Traditional Estonian cuisine is based on meat, fish and potatoes. Yet, in Estonia, there has been a rise in veganism and those following a vegan diet, culminating in the creation of the ESTONIAN VEGAN SOCIETY in 2012.
Vegan recipe ideas at Hea Maa
Throughout Estonia, there are various restaurants now offering vegan, gluten-free and lactose-free items on their menus. At Hea Maa, our head chef Virkko Vendla, crafted specific vegan, lactose and gluten-free foods from when he studied and worked in the UK, where he was exposed to an increase in vegan dietary requirements.
Oven roasted sweet potato, spicy chickpeas, vegan mayonnaise – Chickpeas are high in protein, combined with sweet potato that is high in carbohydrate make this meal a nutritious and healthy option for vegans.
Chocolate fondant, berry compote, oat milk ice cream – Despite being made of chocolate, our chocolate fondant with oat milk ice cream contain no dairy products, yet the taste is no different. So, if you enjoy a sweet option and follow a vegan diet, then this dessert is for you!
Gluten & Lactose-free options
Our vegan options are all suitable for those with either a gluten or lactose intolerance. Yet, should you not be vegan but still require your foods to be lactose or gluten-free, then our menu has several options for you.
The majority of our starters and all our meat and fish main courses are gluten-free. If gluten-free customers do not wish to eat our scrumptious chocolate fondant, then our homemade ice-cream or sorbet is gluten and lactose-free.
For lactose-free customers we have the following starter and main course options:
- Fish soup, quail egg, dill
- Salted salmon, rocket salad, tomato, poppy seed dressing
- Dark bread, smoked beef heart, parsley mayonnaise
- Mutton cutlet, Beluga lentils, tomato sauce
- Beef cheek, sweet potato puree, red wine jus
But why do people become vegan? What do they typically eat?
What is a vegan?
A vegan is a person who has decided not to eat meat, egg and milk products or any animal products per se like gelatin and honey. Vegan diets then, are full of nutritional vitamins and minerals due to the high plant intake that makes up for vegan foods.
But veganism is not only about nutrition, but it is also a way of avoiding animal products throughout society. Vegans avoid products that contain any animal ingredients or are of animal origin, like leather, fur, wool, silk and even beeswax. Vegans also avoid cosmetics and household products that either contain or have been tested on animals. Plus, vegans will not attend entertainment venues that exploit animals, like circuses of some zoos.
Why do people become vegan?
There are many reasons people follow a vegan diet:
Typically, most become vegan out of compassion for animals and disagreeing with eating them for human consumption.
Some religious groups (Buddhists, Hindi, Seventh-day Adventists and so on) follow a strict no-meat diet, and thus veganism is a suitable and easier path to follow.
More apparent amongst the younger millennial generation is that they avoid eating meat due to environmental issues. Animal husbandry causes extensive damage to the environment, the aim here is to avoid contributing to deforestation or natural gas emissions caused by farming.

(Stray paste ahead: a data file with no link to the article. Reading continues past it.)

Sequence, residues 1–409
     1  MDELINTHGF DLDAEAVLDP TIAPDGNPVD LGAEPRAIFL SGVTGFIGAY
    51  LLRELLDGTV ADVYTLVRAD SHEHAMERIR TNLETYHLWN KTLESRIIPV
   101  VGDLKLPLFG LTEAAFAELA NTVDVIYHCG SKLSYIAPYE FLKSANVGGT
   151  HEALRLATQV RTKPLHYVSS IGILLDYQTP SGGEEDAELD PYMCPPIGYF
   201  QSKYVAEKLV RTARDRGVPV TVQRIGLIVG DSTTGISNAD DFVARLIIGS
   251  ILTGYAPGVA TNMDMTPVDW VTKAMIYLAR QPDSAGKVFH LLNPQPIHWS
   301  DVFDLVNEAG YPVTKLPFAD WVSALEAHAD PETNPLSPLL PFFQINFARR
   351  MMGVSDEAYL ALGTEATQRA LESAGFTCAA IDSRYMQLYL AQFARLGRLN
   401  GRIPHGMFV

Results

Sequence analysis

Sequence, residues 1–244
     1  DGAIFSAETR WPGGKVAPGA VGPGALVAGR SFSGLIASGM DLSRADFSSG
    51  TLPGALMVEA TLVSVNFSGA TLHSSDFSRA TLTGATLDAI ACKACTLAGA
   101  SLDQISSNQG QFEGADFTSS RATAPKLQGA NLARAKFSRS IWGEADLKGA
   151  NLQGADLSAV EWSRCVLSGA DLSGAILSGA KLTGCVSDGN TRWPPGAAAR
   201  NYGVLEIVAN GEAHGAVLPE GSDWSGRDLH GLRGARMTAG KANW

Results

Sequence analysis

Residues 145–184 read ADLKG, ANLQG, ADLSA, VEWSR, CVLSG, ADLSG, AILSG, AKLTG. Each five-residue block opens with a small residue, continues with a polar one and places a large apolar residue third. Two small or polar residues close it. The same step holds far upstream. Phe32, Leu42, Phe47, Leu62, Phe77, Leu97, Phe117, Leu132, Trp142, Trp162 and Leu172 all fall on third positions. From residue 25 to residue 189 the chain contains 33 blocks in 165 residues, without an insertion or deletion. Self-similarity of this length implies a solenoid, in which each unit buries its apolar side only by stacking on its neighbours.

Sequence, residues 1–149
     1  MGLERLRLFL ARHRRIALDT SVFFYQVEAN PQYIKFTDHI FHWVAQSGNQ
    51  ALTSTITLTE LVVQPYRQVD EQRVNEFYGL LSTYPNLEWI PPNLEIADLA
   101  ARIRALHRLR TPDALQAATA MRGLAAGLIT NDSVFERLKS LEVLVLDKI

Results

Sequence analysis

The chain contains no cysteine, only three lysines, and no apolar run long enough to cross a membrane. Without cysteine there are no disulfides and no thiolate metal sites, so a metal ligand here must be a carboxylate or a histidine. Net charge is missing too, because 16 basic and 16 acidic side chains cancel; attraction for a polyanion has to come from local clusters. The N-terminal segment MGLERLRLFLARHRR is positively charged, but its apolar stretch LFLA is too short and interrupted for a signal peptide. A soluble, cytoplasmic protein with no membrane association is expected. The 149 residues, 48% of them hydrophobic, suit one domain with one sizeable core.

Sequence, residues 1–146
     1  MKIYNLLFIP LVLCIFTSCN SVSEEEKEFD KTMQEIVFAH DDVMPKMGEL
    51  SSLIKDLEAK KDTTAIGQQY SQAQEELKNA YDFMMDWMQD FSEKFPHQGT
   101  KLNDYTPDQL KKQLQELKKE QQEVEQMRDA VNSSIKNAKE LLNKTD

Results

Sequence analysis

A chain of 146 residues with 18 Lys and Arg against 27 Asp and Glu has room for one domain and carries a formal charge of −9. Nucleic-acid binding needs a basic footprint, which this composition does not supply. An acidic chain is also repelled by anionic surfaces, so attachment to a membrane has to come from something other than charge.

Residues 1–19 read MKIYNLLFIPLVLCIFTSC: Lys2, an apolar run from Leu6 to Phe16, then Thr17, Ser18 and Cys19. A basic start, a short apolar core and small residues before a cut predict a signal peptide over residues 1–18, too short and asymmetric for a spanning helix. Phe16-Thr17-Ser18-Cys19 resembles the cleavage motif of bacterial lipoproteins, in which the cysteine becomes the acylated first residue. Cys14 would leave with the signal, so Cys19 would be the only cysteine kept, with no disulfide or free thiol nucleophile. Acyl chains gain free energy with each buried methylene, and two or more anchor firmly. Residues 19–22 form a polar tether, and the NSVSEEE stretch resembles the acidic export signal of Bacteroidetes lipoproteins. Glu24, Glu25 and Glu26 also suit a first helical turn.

Health concerns like gluten and lactose intolerances
Lactose intolerance is the inability to break down a type of natural sugar called lactose, commonly found in dairy products, like milk and yoghurt.
A gluten intolerance It is characterised by adverse reactions to gluten, a protein found in wheat, barley and rye. Celiac disease is the most severe form of gluten intolerance.
Because of these food intolerances to dairy and certain starchy foods; a vegan diet is ideal for those who need to eat either a gluten-free or lactose-free diet.
What do vegans eat?
A great deal – a vegan diet is richly diverse and comprises all kinds of fruits, vegetables, nuts, grains, seeds, beans and pulses – all of which can be prepared in endless combinations.
From curries to cakes, pastries to pizzas, all favourite dishes can be suitable for a vegan diet as long as they’re made with plant-based ingredients:
- Fruit & Vegetables (fresh, tinned, frozen or dried, leafy greens)
- Protein-rich foods (beans, lentils, chickpeas, tofu, soya alternatives to milk and yoghurt, peanuts)
- Nuts and seeds
- Starchy foods – (higher fibre choices – oats, sweet potato, wholemeal bread, wholewheat pasta, amaranth and brown rice)
- Calcium-rich foods (calcium-fortified foods like tofu, almond milk)
- Oils (coconut oil, olive oil)
A common criticism of veganism – and a vegan diet in particular – is that vegans lack certain food groups in their diets, like proteins and fats. However, the tip here is to ensure that when preparing meals, vegans add in other groups that are rich in proteins and fats.For example, if preparing a vegetable-heavy meal; vegans should add tofu and lentils and cook the food in fat-heavy oils so that they maintain a balanced diet.Vegan diets are don’t have to be challenging, merely take a little time to think more about crafting new meals and recipes, as we have done at Hea Maa.
Whether you are gluten or lactose intolerant, or a vegan, there are options for you at Hea Maa cafe and restaurant in Pärnu. Hea Maa recognises that with the increase in vegan lifestyles, our menu should reflect this. As part of our commitment to healthy eating, most of our foods are gluten-free with several lactose-free options.